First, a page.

Into the Pioneers

By Peter Morrill, Idaho Public Television Volunteer

April 28, 2017

Fog, rain, snow and blazing sun…these were the crazy winter conditions thrown at us during a three-day video-shoot for a new one hour Outdoor Idaho program about the Pioneer Mountains, coming in December.

If you haven’t heard of the Pioneers, don’t feel left out. Most people that I've mentioned them to haven't either.

The Pioneer Mountains, or “Pio’s” as they are known locally, are a little-known mountain range located east of Hailey, Idaho. But what they lack in notoriety, they make up for with breath-taking grandeur.

Cobb Mountain, Pioneer Mountains

The Pioneers possess some of Idaho’s highest peaks topping 12,000 feet. Some people who have been to Mt. Everest compare the Pioneers to the Himalayas. Whether one agrees with that comparison, there’s no denying that they are a special part of the state.

Our goal was to capture the challenge and excitement of backcountry skiing and mountaineering in the Pioneer Mountain’s alpine reaches.

Director/videographer Jay Krajic and I began our trek with a drive to the trailhead east of Hailey in the pouring rain. Happily, the moisture tapered-off, as we parked the vehicle.

When you shoot video, you must contend with a lot of equipment. In this case, it meant the use of snow machines to move our gear six miles to our basecamp at Pioneer Yurt. From there, it would be human-powered.

As we left the trailhead for the mountains, the weather turned to snow and fog. By mid-day, we reached Pioneer Yurt.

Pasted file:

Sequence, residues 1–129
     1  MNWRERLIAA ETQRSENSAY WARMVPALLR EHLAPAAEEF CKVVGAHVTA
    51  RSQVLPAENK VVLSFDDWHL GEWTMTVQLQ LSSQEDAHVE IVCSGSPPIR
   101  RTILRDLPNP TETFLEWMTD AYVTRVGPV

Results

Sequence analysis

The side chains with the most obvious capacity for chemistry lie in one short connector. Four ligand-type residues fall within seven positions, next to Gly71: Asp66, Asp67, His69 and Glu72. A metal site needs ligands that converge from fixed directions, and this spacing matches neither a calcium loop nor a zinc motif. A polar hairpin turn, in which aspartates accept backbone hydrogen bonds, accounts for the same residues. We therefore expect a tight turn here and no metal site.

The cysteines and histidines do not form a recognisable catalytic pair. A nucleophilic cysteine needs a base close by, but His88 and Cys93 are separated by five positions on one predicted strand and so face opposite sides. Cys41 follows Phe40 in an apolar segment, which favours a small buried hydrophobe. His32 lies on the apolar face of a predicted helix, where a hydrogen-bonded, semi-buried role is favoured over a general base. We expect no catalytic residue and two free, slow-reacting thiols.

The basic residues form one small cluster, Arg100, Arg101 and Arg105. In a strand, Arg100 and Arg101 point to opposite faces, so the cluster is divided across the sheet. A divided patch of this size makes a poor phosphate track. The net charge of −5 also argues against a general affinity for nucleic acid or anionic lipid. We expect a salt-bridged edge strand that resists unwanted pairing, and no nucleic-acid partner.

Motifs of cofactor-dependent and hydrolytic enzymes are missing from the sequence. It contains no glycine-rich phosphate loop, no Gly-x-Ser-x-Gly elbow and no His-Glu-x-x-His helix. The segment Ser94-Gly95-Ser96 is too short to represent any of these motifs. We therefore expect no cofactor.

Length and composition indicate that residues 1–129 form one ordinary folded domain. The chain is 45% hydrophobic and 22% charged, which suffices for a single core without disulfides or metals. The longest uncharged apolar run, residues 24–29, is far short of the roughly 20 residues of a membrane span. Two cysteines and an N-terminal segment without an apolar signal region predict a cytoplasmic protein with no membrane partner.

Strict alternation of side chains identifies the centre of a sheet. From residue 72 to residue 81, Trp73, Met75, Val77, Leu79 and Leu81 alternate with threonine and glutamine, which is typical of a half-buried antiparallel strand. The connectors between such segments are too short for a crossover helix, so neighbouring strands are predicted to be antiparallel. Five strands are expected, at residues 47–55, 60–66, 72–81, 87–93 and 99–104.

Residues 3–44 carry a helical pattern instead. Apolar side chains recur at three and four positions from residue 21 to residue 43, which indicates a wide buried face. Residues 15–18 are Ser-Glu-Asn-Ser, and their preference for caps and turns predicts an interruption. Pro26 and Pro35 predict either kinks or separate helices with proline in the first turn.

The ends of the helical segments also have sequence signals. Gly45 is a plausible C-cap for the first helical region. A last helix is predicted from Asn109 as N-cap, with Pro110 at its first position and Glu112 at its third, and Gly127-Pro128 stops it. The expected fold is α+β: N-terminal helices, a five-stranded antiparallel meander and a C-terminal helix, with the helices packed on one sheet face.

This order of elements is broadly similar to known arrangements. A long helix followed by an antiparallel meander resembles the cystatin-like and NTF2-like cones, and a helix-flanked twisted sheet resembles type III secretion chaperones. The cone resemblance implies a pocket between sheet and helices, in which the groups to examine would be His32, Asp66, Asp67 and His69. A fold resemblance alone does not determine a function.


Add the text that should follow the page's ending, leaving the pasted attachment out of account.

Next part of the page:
Nearing Pioneer Yurt

For this project, we brought two full-size HD cameras, tripods and an assortment of smaller specialized cameras. We wanted to “double-cam” video-shoot each skiing sequence from different perspectives. Given the high elevation and weight of the equipment, each scene required two or three people packing both sets of cameras, tripods and support gear to separate, photographically desirable spots on the area’s steep slopes.

Once we dropped the bulk of our gear-off at the yurt, we were back out for an afternoon of filming. It continued to snow with “white-out” conditions, but it produced a fun, but eery visual mood.

Our evenings were spent in the spartan, but comfortable one-room Pioneer Yurt. Warmth was provided by a wood-burning stove, melted snow was our drinking water, and a solar panel powered a few dim LED lights. We slept soundly in sleeping bags on bunk beds. (No, I wasn’t the one that snored part of the night!)

Inside Pioneer Yurt

The second day was a brilliant, blue bird day without a cloud in the sky. What a change!

We started-out early trekking-up the mountain on skis before the snow turned slushy. Joe St. Onge, co-owner of Sun Valley Trekking, led the group to a couloir at the foot of summit of Moose Butt Mountain, which sits in the shadows of the 12,008 foot, Hyndman Peak. Once there, he and two members of the group grabbed ice-crampons, ice axes, safety ropes and strapped skis to their packs to scale the couloir.

Climbing Moose Butt Mountain's couliar

Later in the day, we filmed a spectacular descent on skis back down to the yurt.

We’re excited about the stunning footage that we captured. Over the next few months, Outdoor Idaho will be returning to discover more fascinating stories for the new, one-hour “Into the Pioneers,” coming this December.

Credits:

Photos by Peter Morrill

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